To commemorate the 50th anniversary of Malcolm X’s assassination, The Root looked for ways that people continue to demonstrate their admiration for and inspiration by Malcolm X and his message. Whether it’s getting a tattoo of a Malcolm X quote, keeping his autobiography front and center on a coffee table, hanging his poster on a dorm-room wall or donning a Malcolm X T-shirt, there are a variety of ways that Malcolm X continues to live on in American culture. (Just ask Denzel, who named a son after Malcolm.)
Here are four people who describe why it’s important that they’ve had a daily reminder of the black nationalist leader in their lives.
1. Denise* got her “By any means necessary” tattoo when she was 20 years old.
“As the tattoo needle zapped over my spine, a friend—who tagged along—reminded me that if anyone asked why I got the tattoo, and I was hesitant to tell them the real reason, I could just say that the phrase was about accomplishing one’s goals by any means necessary. The tattoo could be interpreted as support for any one of those proverbs that encourages people to be vehemently committed to their aspirations.
“I’ve used that explanation once or twice in the eight years since I’ve had the tattoo, but a majority of the time, I tell people the truth: I got the tattoo because of Malcolm X. It was my way of honoring his message about black nationalism. His wanting black people to choose themselves first, to be comfortable in their own skin and not need validation from white people on how to live their lives, or think. Self-love must be achieved—by any means necessary.
“The tattoo was born out of the euphoria that I was in after having read his autobiography the summer before, and being profoundly impacted by his decree. He was completely honest and forthcoming about how he was making a conscious effort to love blackness and all of the qualities—chocolate skin, kinky hair, African names—indigenous to blackness. I dug that and sought to do the same.”
2. Louise H. Williams kept a Malcolm X quote in plain sight while raising her child.
“The mother is the first teacher of the child. The message she gives that child, that child gives to the world.” —Malcolm X
“I hung this quote on my refrigerator for years while raising my son. It’s the best thing I’ve ever heard said about a mom and her kids. I’ve since passed it on to my son and his wife, who will be new parents soon. It’s my way of paying it forward. Malcolm X is my hero.”
3. Chareen Ibraheem shares a children’s book that teaches Malcolm X’s message and sheds light on his experiences as a child.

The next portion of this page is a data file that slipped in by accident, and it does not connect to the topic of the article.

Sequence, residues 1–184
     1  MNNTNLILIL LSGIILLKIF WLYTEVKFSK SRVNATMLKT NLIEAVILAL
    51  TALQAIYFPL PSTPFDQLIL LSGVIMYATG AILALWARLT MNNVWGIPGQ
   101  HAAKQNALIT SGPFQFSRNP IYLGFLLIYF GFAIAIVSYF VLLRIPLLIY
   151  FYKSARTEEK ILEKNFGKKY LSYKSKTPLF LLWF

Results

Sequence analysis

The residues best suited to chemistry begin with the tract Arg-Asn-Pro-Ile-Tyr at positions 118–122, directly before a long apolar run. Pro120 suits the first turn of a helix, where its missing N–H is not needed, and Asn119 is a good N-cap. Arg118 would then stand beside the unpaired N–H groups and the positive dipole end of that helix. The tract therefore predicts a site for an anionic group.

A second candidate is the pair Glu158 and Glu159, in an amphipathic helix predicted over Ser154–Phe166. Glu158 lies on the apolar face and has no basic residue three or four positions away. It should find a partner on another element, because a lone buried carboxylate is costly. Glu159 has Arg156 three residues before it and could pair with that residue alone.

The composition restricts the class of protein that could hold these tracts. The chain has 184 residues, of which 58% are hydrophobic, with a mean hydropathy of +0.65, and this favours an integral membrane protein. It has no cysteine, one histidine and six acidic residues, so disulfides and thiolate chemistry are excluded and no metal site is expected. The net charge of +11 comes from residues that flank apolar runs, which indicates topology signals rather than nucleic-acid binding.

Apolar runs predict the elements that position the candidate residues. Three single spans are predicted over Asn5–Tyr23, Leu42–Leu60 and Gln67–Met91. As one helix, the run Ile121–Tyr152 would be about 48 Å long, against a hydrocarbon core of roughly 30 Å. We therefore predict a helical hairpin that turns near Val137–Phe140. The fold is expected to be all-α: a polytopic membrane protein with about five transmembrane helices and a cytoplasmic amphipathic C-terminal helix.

Ilyasah Shabazz, one of Malcolm X’s six daughters, wrote a children’s book, Malcolm Little: The Boy Who Grew Up to Become Malcolm X, about her father’s childhood. Shabazz describes her dad’s experiences growing up during Jim Crow and the moments that made him into the revolutionary he became. Chareen Ibraheem tweeted about the “insightful” book and recommended the read to those looking to pay homage to X and his mission.
4. Michael Kirkpatrick was inspired by Malcolm X’s efforts to lessen the chasm between Africa and the U.S.
Michael Kirkpatrick, 48, proudly dons his Malcolm X T-shirt because after traveling to Uganda for the first time in 1998, he was “radically impacted” in the same way that Malcolm X was affected when he went to Africa for the first time.
“I was shocked at what I was not allowed to see in American media about Africa,” Kirkpatrick, a white American, said in an interview with The Root. He went on to list the four D’s that Americans are taught about Africa: “death, destruction, danger and disease.” Instead, Kirkpatrick described how he’s attracted to the hospitality, beauty, creativity and talent that he encounters when he travels to the continent.
Malcolm X, too, saw a different side of Africa and wanted so badly for black Americans to be proud of their African ancestry and, more important, for black Americans to unite with Africans to form a stronger coalition as black people. Malcolm X broadened his scope after he made the hajj, as the Islamic pilgrammage to Mecca is known. He welcomed white people to join in on the civil rights movement, too. Kirkpatrick continues to work toward that mission and admires the bridge that Malcolm X tried to build between Africa and the U.S.
*Denise is a pseudonym; the real woman chose to contribute on condition of anonymity.
Diana Ozemebhoya Eromosele is a staff writer at The Root and the founder and executive producer of Lectures to Beats, a Web series that features video interviews with scarily insightful people. Follow Lectures to Beats on Facebook and Twitter.